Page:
Apache Hadoop 2.3.0 has been released with support for in-memory caching and heterogeneous storage hierarchy for HDFS.
The addition of in-memory caching for HDFS means you can choose to cache specific files or directories in HDFS that apps such as MapReduce, Hive and Pig can then read without the overhead of normal disk-based reads.
According to Justin Kestelyn, on the Cloudera blog, the preliminary benchmarks show that optimized applications can achieve read throughput on the order of gigabytes per second.
Kestelyn reports: that when you cache a file or directory,:
“DataNodes will then cache the corresponding blocks in off-heap memory through the use of mmap and mlock. Once cached, Hadoop applications can query the locations of cached blocks and place their tasks for memory-locality. Finally, when memory-local, applications can use the new zero-copy read API to read cached data with no additional overhead.”
Writing on the Hortonworks blog Arun Murthy says:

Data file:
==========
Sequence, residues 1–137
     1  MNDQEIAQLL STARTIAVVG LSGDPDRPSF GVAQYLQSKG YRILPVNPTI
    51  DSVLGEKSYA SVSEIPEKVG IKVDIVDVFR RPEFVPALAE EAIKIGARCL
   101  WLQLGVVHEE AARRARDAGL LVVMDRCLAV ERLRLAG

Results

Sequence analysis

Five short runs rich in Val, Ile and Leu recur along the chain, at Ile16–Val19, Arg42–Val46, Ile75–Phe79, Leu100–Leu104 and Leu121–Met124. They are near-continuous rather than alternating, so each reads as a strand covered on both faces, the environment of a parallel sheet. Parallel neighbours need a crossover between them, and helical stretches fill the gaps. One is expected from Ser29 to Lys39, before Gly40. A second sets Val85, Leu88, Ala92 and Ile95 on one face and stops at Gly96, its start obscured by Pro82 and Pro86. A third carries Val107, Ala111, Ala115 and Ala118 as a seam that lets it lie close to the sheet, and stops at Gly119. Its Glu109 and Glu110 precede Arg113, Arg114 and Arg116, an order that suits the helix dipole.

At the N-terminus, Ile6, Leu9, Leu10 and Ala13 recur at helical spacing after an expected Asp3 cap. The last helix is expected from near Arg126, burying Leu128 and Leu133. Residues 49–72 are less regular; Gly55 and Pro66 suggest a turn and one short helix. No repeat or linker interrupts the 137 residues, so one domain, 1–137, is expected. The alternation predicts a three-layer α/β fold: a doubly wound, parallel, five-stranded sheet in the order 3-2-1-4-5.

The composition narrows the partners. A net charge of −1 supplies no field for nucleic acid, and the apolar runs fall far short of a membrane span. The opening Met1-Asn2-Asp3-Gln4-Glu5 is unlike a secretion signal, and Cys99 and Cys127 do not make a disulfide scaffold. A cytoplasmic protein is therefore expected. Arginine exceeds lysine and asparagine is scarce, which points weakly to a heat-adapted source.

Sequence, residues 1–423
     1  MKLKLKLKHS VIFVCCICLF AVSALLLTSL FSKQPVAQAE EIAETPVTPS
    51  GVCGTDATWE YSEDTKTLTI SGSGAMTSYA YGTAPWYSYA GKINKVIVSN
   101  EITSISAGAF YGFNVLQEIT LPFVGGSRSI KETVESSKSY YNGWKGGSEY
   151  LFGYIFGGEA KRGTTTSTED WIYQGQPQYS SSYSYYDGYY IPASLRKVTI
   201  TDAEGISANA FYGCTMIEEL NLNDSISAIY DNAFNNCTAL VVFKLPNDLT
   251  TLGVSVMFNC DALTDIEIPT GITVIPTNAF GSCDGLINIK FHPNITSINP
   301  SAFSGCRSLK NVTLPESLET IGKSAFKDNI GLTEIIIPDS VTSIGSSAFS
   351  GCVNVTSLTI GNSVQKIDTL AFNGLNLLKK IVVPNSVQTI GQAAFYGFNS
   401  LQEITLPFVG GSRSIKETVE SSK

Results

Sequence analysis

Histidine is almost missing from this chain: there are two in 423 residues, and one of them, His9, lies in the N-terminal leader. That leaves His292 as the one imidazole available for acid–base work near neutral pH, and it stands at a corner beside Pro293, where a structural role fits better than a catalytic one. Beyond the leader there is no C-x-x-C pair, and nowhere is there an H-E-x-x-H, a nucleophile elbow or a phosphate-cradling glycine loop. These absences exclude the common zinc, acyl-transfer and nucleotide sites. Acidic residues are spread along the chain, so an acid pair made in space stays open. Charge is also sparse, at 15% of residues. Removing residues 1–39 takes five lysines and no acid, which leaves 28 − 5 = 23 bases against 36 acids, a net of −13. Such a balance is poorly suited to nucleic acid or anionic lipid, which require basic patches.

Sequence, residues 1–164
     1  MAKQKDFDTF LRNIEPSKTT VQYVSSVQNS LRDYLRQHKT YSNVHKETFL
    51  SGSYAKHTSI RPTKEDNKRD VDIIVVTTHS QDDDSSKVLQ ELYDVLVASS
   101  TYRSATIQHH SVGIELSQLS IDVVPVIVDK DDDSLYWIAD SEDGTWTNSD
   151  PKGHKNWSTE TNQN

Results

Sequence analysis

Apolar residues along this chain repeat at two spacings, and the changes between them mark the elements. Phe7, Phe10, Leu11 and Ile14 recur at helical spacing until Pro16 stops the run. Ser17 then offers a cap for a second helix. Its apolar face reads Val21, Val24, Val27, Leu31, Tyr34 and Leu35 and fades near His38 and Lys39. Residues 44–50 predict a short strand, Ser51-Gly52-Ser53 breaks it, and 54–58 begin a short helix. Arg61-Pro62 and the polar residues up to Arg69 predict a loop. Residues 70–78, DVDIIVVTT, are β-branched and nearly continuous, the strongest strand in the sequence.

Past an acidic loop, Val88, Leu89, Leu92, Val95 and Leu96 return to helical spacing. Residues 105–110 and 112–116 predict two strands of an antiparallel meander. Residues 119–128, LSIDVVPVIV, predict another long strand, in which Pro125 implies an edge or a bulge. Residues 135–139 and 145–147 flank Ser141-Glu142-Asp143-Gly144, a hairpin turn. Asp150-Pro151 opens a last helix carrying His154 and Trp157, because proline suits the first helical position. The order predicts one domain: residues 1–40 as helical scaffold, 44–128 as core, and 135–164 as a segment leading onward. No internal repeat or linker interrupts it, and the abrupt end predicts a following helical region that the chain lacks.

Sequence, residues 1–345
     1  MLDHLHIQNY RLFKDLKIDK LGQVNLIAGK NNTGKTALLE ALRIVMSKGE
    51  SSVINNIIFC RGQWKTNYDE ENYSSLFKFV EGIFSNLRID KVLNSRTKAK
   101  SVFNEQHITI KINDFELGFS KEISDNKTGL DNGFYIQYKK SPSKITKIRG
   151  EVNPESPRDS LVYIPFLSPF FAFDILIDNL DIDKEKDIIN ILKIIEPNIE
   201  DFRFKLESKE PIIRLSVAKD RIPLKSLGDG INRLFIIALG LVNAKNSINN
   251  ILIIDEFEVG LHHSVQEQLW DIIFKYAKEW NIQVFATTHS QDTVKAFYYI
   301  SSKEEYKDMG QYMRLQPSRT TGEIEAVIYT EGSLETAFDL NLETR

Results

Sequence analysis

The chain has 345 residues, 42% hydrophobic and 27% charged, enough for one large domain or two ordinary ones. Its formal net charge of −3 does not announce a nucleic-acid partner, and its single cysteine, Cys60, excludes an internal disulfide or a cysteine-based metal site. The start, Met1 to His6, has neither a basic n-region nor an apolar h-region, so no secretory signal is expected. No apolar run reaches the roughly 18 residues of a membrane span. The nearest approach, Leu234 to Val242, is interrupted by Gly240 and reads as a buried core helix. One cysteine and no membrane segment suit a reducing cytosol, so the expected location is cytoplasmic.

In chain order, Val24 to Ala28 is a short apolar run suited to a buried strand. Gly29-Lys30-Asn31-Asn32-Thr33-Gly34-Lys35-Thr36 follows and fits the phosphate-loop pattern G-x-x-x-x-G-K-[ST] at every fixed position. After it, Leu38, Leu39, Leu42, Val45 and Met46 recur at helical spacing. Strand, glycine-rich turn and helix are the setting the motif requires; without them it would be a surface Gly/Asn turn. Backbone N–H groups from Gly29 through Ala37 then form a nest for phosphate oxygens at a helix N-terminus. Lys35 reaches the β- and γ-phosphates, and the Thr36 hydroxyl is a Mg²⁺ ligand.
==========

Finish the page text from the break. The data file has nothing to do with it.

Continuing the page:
“As an example, Hive is taking advantage of this feature by implementing an extremely efficient zero-copy read path for ORC files.”
Other highlights include some support for heterogeneous storage in HDFS with the addition of heterogeneous storage classes, and simplified distribution of MapReduce binaries via the YARN Distributed Cache.
The heterogeneous storage classes mean that Hadoop can now use different storage types on the same Hadoop clusters, so that it will be possible to put together a mix of SSDs, memory, and different types of disks in the same cluster, and let each application choose the storage type that best fits its performance or cost requirements.
Hortonworks has an interesting article describing Heterogeneous Storages in HDFS in more detail and in his blog post, Arun Murthy says:
“we can now make better cost/benefit tradeoffs with different storage media such as commodity disks, enterprise-grade disks, SSDs, Memory etc.”
The Hadoop 2.3.0 Release Notes gives details of other changes and features.